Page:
Robert Hanssen, a convicted US spy, was discovered dead in a Colorado prison.
An FBI agent-turned-Russian mole who was known as one of the most devastating spies in US history was discovered dead in prison.
On Monday morning, Robert Hanssen was located at a maximum-security facility in Florence, Colorado.
Hanssen, 79, received about $1.4 million in cash, jewelry, and money deposited into Russian bank accounts. Three hundred agents were assigned to his case.
In 2002, he was condemned to life in prison for espionage.
Prior to his incarceration, Hanssen resided in a modest four-bedroom house in suburban Virginia with his wife and six children.
He had access to classified information as part of his counterintelligence duty, and he began his criminal conduct in 1985, shipping material to Russia and the former Soviet Union.
Hanssen, who joined the FBI on January 12, 1976, used the identity “Ramon Garcia” for communicating with his handlers.
He “compromised numerous human sources, counterintelligence techniques, investigations, dozens of classified US government documents, and technical operations of extraordinary importance and value,” according to the FBI’s website.
While there was considerable suspicion surrounding his peculiar activities on occasion, he was not apprehended for years.
After the FBI caught spy Aldrich Hazen Ames in 1994, the bureau realized secret material was still being leaked, which prompted the inquiry into Hanssen.
He was about to retire, so the FBI proceeded quickly to catch him “red handed.”
“Our ultimate goal was to catch him in the act,” said Debra Evans Smith, former deputy assistant director of the Counterintelligence Division.
A phony assignment was assigned to him in order to entice him back to FBI headquarters for greater scrutiny.
In January 2001, Hanssen began working in his new office at FBI headquarters, complete with concealed cameras and microphones.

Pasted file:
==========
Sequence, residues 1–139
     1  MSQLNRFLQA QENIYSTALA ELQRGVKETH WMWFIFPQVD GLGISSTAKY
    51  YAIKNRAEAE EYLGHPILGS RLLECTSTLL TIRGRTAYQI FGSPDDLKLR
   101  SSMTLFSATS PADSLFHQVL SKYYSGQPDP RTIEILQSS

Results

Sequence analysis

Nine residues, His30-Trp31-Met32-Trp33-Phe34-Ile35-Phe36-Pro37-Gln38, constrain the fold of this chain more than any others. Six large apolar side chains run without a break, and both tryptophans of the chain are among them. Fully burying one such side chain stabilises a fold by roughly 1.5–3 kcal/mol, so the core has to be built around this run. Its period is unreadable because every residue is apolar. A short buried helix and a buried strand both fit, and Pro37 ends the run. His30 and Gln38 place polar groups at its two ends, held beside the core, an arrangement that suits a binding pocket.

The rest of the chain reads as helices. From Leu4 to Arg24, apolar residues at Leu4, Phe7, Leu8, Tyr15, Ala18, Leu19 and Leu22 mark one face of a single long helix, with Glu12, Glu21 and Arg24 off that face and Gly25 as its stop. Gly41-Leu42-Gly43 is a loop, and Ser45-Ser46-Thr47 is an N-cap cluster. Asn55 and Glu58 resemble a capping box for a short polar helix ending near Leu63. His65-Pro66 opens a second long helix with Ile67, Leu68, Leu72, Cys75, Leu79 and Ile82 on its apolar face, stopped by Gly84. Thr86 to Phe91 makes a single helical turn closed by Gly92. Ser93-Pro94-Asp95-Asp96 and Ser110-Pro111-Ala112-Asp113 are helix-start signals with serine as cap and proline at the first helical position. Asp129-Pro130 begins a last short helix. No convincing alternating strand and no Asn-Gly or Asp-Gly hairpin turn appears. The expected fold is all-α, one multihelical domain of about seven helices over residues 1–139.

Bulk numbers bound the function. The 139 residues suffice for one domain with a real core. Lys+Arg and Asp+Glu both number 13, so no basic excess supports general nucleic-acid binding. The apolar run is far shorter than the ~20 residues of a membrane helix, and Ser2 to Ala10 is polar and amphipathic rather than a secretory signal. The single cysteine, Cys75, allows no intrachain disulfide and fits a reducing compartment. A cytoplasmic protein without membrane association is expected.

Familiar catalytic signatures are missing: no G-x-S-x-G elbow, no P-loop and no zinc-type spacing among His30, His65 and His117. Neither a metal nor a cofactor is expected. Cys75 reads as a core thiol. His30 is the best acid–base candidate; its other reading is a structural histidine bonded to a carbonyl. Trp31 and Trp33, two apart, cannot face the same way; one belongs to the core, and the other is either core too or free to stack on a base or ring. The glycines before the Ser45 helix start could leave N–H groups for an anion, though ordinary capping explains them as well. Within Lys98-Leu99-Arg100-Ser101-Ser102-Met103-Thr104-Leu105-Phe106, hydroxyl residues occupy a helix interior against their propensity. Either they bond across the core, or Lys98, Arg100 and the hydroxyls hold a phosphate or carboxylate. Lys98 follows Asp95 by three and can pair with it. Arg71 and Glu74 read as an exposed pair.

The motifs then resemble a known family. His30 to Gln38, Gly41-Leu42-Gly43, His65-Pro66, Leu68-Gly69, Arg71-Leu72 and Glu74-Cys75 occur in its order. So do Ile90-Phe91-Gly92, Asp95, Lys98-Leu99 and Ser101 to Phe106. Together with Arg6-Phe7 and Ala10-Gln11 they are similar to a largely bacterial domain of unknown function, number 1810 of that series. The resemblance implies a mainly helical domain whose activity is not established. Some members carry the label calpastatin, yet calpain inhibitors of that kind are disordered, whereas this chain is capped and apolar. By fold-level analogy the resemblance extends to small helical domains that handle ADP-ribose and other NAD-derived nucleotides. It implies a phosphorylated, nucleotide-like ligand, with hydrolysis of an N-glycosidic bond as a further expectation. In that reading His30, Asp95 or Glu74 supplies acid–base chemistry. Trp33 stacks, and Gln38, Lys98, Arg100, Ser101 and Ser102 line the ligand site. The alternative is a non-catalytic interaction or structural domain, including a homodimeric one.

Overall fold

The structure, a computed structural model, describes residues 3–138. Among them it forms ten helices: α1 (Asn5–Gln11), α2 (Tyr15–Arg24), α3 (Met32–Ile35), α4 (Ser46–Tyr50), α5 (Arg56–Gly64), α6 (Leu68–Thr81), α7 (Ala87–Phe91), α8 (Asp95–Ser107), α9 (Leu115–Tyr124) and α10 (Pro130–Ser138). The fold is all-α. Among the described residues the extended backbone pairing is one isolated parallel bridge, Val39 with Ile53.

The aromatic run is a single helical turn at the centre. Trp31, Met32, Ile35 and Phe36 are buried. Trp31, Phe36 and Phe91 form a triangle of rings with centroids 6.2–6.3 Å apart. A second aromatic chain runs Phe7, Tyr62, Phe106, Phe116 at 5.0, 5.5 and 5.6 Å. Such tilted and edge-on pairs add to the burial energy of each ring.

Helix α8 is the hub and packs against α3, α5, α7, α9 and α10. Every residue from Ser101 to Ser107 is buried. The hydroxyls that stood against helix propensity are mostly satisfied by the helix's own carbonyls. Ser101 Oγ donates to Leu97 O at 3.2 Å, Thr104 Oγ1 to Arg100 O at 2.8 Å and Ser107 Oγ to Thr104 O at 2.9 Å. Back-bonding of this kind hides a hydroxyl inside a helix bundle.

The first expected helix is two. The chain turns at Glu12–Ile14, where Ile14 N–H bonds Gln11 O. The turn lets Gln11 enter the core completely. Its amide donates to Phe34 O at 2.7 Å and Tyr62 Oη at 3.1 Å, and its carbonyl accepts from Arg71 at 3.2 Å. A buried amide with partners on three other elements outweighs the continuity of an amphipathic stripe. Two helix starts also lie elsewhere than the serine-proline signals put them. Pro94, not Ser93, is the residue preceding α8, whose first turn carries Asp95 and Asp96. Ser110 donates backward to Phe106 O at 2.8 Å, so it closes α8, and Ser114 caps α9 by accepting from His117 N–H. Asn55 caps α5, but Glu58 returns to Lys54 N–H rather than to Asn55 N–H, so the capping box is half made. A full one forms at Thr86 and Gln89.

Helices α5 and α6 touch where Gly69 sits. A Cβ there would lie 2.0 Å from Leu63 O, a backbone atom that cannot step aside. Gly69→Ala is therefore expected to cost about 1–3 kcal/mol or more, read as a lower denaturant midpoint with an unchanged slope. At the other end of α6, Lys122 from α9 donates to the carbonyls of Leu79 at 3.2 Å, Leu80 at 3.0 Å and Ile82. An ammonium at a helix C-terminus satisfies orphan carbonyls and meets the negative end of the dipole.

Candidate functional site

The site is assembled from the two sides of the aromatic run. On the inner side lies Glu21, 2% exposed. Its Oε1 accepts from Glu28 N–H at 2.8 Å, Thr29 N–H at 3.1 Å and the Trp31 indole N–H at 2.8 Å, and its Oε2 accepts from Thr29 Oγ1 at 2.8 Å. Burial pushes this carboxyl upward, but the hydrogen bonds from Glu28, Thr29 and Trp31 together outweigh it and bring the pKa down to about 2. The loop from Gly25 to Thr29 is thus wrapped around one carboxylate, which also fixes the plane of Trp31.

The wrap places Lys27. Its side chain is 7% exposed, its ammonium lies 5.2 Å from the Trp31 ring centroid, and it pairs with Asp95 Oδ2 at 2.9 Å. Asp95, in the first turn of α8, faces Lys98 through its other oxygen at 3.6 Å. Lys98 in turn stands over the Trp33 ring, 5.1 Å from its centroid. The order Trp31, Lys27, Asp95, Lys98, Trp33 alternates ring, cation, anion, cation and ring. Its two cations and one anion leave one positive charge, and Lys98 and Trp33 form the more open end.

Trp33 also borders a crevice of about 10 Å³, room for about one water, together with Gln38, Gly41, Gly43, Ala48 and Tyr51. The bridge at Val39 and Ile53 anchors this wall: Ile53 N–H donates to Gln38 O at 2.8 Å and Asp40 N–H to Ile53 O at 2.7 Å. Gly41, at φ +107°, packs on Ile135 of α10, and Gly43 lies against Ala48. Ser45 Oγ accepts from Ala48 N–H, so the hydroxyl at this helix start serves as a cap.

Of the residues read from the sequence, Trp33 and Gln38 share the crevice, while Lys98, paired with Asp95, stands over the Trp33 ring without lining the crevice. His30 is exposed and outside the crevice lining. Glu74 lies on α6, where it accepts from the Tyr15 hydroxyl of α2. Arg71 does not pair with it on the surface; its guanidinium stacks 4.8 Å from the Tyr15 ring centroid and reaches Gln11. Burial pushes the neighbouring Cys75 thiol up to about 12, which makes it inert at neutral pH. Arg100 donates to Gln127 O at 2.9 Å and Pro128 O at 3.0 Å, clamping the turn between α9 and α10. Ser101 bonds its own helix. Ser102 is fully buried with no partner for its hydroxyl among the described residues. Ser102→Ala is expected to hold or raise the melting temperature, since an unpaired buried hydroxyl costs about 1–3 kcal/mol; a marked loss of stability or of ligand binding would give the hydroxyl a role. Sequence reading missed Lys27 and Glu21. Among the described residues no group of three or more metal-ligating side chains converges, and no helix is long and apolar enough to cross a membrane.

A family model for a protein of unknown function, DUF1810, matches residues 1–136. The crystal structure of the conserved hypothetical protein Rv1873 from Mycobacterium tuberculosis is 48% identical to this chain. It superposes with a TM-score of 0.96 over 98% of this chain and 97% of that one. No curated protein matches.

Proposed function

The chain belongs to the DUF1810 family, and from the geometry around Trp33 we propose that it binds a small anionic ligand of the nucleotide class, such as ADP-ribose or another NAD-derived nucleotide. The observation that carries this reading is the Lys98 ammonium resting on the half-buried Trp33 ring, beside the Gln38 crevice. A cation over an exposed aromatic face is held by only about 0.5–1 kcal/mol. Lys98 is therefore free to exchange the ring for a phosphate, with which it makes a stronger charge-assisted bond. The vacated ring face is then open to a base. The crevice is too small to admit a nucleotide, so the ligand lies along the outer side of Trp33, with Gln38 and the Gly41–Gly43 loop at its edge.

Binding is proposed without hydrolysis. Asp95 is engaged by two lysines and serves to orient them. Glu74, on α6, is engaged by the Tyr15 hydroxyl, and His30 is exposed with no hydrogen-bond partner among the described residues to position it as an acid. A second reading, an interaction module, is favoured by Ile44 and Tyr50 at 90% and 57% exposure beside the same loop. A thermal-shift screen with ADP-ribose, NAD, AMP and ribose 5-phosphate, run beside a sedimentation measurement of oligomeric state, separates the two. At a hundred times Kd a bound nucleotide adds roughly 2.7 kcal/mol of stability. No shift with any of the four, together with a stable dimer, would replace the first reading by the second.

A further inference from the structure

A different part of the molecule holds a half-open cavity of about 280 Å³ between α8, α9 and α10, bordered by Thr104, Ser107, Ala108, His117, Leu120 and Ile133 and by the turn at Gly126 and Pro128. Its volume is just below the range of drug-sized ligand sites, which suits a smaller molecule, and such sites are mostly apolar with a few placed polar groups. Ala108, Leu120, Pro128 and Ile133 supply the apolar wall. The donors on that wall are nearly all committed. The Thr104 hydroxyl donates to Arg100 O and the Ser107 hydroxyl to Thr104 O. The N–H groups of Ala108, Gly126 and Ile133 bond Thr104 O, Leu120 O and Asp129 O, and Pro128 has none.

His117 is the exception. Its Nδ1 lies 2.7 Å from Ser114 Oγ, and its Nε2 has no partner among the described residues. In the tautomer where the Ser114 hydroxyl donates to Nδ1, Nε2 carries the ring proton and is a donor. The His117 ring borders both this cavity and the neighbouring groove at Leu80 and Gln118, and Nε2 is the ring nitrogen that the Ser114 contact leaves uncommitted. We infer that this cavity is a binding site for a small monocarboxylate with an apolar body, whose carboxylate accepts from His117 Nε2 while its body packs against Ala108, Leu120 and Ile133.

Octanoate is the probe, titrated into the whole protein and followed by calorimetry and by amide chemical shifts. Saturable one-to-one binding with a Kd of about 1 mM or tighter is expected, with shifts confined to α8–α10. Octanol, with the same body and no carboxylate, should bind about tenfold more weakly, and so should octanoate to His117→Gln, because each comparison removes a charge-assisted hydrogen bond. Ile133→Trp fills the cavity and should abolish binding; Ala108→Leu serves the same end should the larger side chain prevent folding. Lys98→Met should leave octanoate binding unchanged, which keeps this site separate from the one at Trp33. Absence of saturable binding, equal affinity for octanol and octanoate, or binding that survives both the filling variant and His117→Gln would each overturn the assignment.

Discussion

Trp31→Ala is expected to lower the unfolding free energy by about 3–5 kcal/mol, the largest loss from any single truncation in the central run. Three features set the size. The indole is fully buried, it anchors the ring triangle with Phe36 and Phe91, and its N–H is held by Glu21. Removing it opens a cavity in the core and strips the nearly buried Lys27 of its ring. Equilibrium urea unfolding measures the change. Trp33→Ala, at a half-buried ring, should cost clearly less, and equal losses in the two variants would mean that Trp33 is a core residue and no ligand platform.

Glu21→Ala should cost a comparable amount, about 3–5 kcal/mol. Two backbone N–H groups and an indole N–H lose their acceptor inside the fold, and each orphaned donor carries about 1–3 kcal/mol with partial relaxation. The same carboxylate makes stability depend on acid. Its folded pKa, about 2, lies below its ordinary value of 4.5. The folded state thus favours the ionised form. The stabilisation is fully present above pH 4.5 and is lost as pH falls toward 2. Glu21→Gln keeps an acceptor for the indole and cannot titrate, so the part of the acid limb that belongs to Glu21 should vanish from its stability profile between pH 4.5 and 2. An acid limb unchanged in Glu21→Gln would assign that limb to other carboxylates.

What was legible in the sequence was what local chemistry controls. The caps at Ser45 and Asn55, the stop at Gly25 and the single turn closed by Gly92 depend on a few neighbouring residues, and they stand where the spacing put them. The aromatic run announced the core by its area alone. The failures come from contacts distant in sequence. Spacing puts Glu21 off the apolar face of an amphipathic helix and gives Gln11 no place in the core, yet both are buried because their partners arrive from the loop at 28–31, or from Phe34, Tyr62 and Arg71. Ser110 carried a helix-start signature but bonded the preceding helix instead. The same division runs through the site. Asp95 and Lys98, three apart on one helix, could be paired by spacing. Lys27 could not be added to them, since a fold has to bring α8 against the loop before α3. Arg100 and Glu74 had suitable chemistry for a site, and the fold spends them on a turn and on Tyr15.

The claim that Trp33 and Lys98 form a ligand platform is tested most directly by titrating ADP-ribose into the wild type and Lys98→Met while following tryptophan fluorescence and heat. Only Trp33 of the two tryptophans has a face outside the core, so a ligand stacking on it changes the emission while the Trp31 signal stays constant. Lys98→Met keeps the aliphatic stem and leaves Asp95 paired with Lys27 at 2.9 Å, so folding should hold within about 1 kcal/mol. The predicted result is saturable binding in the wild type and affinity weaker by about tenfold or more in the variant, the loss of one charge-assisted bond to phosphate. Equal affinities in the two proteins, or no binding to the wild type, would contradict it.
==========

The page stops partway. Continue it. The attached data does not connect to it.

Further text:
A month later, police discovered he was planning a dead drop in a park.
According to the Central Intelligence Agency, a dead drop occurs when one person leaves material for another person to pick up later at a predetermined place.
On February 18, 2001, Hanssen arrived at Foxstone Park in Virginia with a small bag containing classified papers.
The FBI had previously observed him visiting the park, and as he returned to his vehicle, he was arrested and taken into custody.
“What took you so long?” he asked FBI agents during his arrest.
He admitted to interrogators that the FBI’s security was appalling, but he cooperated in order to avoid the death penalty.
Friends and neighbors expressed disbelief at his detention, describing him as calm and modest.
His family travelled to mass every Sunday in a 10-year-old van, and he was believed to be a strict father who limited his children’s television viewing.
Behind this mask, though, was a sexual obsession. Hanssen covertly videotaped and showed pornographic videos of his wife to a friend.
During his arrest, CBS News, the BBC’s US partner, stated that he frequented strip clubs, where he attempted to convert strippers to Catholicism.
He would also upload naked images of his wife and post sexually graphic stories about them online.
He stated in an FBI affidavit that he was influenced by British spy Kim Philby while growing up in Chicago.
“I decided on this course when I was 14 years old,” he told his Russian handlers, according to the affidavit.
He pled guilty to 15 counts of espionage and was sentenced to life in prison without the possibility of parole in May 2002.
ADX Florence is one of the nation’s most secure federal prisons, housing high-profile convicts such as al-Qaeda terrorist Zacarias Moussaoui and Boston Marathon bomber Dzhokhar Tsarnaev.
The cause of death has yet to be determined.